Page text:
An infill-oriented, Houston-based, high-volume builder we talked with this week was thankful, but worried about materials costs negatively impacting the pipeline of more than 300-units he's got out in front of him.
And that's not to mention the fact that, since he's having to re-spec and re-order a lot of building supplies because of price increases on what's shipping these days into the market, he's going to be late on deliveries.
The good news, he said, is that he had a model home unit he could go to for refuge a couple of weeks ago, as Hurricane Harvey poured flood waters higher and higher into his own home, and he "walked through water up to my waist, hitch-hiked, and walked" to one of the models, which fortunately were high and dry during the storm.
However, it's clear now that price shocks are reverberating through the Houston-area market as building supplies to the area have convulsed as clean up and reparation efforts begin.
Our source describes that wave by wave, trade crews have either ratcheted up their prices or threatened to depart to where their labor will be paid a higher hourly fare. What's more, this executive notes, fears over the heated political debate on what will happen to Deferred Action for Childhood Arrivals, who represent what this executive estimates to be more than 50,000 of the Houston market's construction labor force, add to uncertainties and anxiety on how rebuilding and new building in Houston and its environs will amp up enough for the area to return to normalcy.
"One thing that did not happen in the wake of Hurricane Harvey is that median household incomes in the market didn't suddenly increase double-digits, so we can't pass these higher costs on to our home buyers, which means we have to go back to the drawing board on the products we're building and figure out how to take costs out," says our home building executive source in Houston. "That's certainly going to delay our delivery of about 300 units, with more delays following that wave."
Even before Harvey and Irma's destructive one-two punch in Texas and Florida, prices on building materials and products were heading up as a source of concern, especially as volume builders operationalize a number of fairly new strategic initiatives into more entry-level community offerings, where margins are already tough to come by.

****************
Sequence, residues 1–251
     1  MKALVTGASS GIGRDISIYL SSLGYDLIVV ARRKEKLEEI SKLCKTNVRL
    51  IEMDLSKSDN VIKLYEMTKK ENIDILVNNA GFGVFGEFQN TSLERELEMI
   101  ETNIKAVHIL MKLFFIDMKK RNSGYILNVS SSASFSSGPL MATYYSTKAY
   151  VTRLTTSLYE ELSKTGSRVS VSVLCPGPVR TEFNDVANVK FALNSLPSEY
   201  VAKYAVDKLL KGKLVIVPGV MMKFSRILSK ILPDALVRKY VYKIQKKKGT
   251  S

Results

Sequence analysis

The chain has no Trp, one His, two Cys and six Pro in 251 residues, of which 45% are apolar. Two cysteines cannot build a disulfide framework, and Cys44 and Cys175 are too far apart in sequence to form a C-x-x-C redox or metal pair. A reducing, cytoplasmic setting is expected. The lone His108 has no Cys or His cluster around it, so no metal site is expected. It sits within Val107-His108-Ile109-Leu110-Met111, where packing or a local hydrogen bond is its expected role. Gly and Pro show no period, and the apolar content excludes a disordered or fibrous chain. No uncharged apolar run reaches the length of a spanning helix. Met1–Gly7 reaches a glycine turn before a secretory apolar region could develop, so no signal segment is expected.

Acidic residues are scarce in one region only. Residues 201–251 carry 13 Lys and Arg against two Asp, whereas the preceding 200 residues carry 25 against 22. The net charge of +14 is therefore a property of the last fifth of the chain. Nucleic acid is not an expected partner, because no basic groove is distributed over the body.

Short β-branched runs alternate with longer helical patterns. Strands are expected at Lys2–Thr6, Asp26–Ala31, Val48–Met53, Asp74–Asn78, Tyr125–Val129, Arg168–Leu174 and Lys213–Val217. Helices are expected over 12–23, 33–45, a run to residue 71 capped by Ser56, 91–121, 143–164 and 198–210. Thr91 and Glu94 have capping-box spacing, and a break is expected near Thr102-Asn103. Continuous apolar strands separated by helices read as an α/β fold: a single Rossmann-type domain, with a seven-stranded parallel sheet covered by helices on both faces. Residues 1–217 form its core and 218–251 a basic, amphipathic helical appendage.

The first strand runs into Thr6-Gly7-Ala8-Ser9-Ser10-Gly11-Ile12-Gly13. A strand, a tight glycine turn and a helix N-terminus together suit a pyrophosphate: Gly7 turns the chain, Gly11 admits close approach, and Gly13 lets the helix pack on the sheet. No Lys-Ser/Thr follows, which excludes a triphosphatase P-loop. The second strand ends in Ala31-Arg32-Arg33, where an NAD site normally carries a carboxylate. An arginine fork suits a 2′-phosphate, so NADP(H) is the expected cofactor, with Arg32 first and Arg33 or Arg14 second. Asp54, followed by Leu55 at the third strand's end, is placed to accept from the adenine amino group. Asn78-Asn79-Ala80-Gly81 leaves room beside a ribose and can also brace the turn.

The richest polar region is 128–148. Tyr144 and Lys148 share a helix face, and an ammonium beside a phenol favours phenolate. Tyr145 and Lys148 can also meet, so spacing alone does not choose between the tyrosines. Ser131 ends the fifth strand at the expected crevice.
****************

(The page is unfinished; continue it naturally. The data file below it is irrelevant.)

A monthly drill-down by the National Association of Home Builders into Producer Price Index components that are of greatest relevance to builders spotlights August spikes in softwood lumber, OSB, and ready-mix concrete.
Since January 2017, softwood lumber's demand price index has soared by 22%, and OSB is up 33% in the same timeframe, according to NAHB economics department analyst David Logan, who notes that rising gas prices are a key contributor to cost inflation in materials right now, including ready-mix concrete which jumped 0.5% month to month in August. Logan writes.
The price of gypsum increased marginally, but could be one of the first materials to be affected by rebuilding efforts in the wake of Hurricanes Harvey and Irma. Remodeling will be the first building activity possible which will bring with it increased purchases of drywall.
Stresses on volume, timeliness, and cost of supplies to hurricane-ravaged Texas and Florida markets will only at to the cost pressures already worrying builders, who've been champing at the bit to build more entry-level homes as demand for them surges in the latter third of the recovery cycle.
"Affordability is a big issue, and we're going to do everything innovative we can to make it so that our homes are priced so that younger people who are working in the Houston market can afford our homes on their incomes, whatever happens to materials prices," our executive source says. "We're not apologizing for what we do, even if what we do brings down some of the real estate comes in the neighborhoods we develop. We're not going away, because this market needs what we're building."
Few doubt that Houston and northeast Texas, and Florida will ultimately benefit from a surge in economic activity that will eventually take the place of the surging Atlantic Ocean. But between now and the moment those local economies are freshly energized, the wait to get back on track with prior building plans is frustrating and costly.